Thought I'd provide a quick overview of bloggy things I've been looking at this week:
Debbie, of the lovely Kept In A Jar blog, is collecting shopping lists and storing them at a new location - Shopping List Hunt. Like Debbie, I've always been faintly fascinated by the lists I've found in shopping trolleys, or abandoned on bus seats - but they've never been quite interesting enough to collect. Debbie has solved that problem by drawing over them. This is a particularly good example.
More visual pleasure can be found over at Quietus.com, which Ben has alerted me to over at his Silent Words Speak Loudest blog. He's spotted an album covers game there which is well worth five minutes of your time; it's nothing like the usual, fairly boring routine - instead it's a series of videos, where album artwork is acted out by mime artists trained at the Paris Conservatory of Contemporary Mime and Interpretive Dance. Brilliant stuff - and bloody difficult. Link below:
Quietus Album Cover Mime quiz.
Elsewhere, my own social life has taken a kicking courtesy of my purchase of the first box set of The Wire. I know that everyone already knows this, and knew it long before me, but I can belatedly confirm that, yes, it's simply staggering. So all of a sudden I find myself throwing off invitations to the pub so that I can feast myself on another episode (or two). Brilliant stuff. And I'm also enjoying Being Human, BBC3's latest drama, and thinking that, despite my earlier misgivings, it might be the best thing on UK TV so far this year.
Over at her Breakfast In Bed blog, however, Rowan does not agree, and has abandoned the show, as well as her enthusiasm for TV in general. I've used the comments box to urge her to give it another try, and she has quite reasonably promised to hold me personally responsible should she do so and remain disappointed. Although fearful of her conclusion, I still think the show is worth a look - which is why, like Richard over at his Grey Area blog, I'm very happy to hear that a second series, comprising eight episodes, has been commissioned.
A couple of other things: there's an interesting post on the notion of 'home' over on Swiss Toni's Place. He writes:
"My wife informed me the other day that I would be on my own this weekend because she is going home. It's an odd turn of phrase, isn't it? We've lived together for something like eight years, and we've been in the same house together for a little over six of those years... and yet when she goes to visit her mum and dad in France, she says she's going home. She hasn't lived there for fifteen years or so, and it's not really the house that she grew up in, but it's still home; it was the place her parents were living when she moved out.I've lived in Brighton for over ten years, on and off, and I now pretty much think of it as home - I certainly don't feel that I am a Londoner per se any more (except when fucking idiots like Boris Johnson get elected, and I feel suddenly fiercely protective of the place). That said, when I go to visit my parents - who now live in a house in which I have never lived - I still say that "I'm going home". It's odd. That said, when they finally moved out of the house that I'd grown up in, I didn't feel a sense of loss. So I think the notion of home, for me, is elastic. Anyway - take a look at Swiss Toni's post - there are some interesting responses in the comments, too.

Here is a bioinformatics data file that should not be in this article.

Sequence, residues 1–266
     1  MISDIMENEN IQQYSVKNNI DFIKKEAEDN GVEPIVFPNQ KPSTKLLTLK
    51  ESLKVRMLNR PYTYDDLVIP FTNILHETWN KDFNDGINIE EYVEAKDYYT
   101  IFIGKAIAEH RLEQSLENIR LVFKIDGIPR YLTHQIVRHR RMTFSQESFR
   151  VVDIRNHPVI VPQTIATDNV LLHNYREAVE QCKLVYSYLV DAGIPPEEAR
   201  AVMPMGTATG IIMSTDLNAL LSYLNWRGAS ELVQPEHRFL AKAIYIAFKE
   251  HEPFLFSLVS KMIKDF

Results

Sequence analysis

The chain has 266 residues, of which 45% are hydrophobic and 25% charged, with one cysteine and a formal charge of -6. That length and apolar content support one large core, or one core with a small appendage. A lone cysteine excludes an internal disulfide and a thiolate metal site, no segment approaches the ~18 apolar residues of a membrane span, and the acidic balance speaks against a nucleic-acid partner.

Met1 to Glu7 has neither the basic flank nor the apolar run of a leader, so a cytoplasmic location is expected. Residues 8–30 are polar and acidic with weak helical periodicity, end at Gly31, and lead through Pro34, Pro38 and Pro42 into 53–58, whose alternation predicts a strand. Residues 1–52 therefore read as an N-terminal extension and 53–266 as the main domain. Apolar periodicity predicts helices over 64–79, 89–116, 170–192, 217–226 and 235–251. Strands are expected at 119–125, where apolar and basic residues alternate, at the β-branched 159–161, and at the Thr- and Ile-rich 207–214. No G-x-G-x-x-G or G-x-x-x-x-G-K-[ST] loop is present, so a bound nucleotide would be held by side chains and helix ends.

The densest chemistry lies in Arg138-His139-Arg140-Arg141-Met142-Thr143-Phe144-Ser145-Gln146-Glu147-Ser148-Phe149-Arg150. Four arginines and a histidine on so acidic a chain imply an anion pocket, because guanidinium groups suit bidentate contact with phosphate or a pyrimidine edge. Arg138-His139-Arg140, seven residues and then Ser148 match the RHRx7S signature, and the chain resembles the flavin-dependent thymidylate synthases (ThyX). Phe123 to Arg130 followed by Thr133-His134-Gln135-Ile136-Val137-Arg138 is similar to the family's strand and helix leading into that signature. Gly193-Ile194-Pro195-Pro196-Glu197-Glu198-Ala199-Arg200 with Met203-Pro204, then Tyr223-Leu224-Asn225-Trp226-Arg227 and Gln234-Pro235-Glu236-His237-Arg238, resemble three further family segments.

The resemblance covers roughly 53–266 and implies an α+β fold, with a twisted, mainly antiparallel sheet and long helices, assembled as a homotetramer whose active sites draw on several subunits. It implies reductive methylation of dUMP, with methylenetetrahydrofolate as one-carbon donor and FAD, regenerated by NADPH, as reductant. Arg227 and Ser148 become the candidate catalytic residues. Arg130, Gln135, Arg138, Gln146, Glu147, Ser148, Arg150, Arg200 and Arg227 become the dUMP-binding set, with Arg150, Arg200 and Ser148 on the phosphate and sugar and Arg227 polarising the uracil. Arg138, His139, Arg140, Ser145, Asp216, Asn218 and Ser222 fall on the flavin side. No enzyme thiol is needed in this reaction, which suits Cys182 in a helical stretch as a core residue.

Home. I'm not really sure what that means. I was born in Northampton and my parents lived in the same house a few miles outside that town for something like thirty-four years before they moved last year. Does that mean I should consider Northampton my home town? Did I think of that old house as my home? Was I sorry when my parents moved down the road? Not really."
Lastly, back at Silent Words Speak Loudest, Ben's written a very interesting review of Richard Herring's current - profoundly rude - stand-up tour. Extract follows - go and read the full thing. Ben asks:
"Is it simply a matter of deliberately pushing the boundaries of taste for cheap laughs, or is there something more going on? The latter, inevitably. As much as he discomforts the lily-livered and offends liberal sensibilities, he still elicits plenty of laughs and, crucially, at one point suggests he's performing comedy "just like Bernard Manning, but in a postmodern way - I know what I'm saying is wrong". Cue chuckles - but then the question that, for me, cuts to the quick: "But does that make it better - or much, much worse?" That seems to reveal the whole show to be a clever critique of the sort of comedy that pleads irony as a defence for saying the unsayable - albeit while at the same time effectively performing the same trick - as well as a robust challenge to audience attitudes and complacency: think for a moment what you're laughing about - you shouldn't be finding it funny."Thanks as always to the many bloggers who keep me amused one day to the next...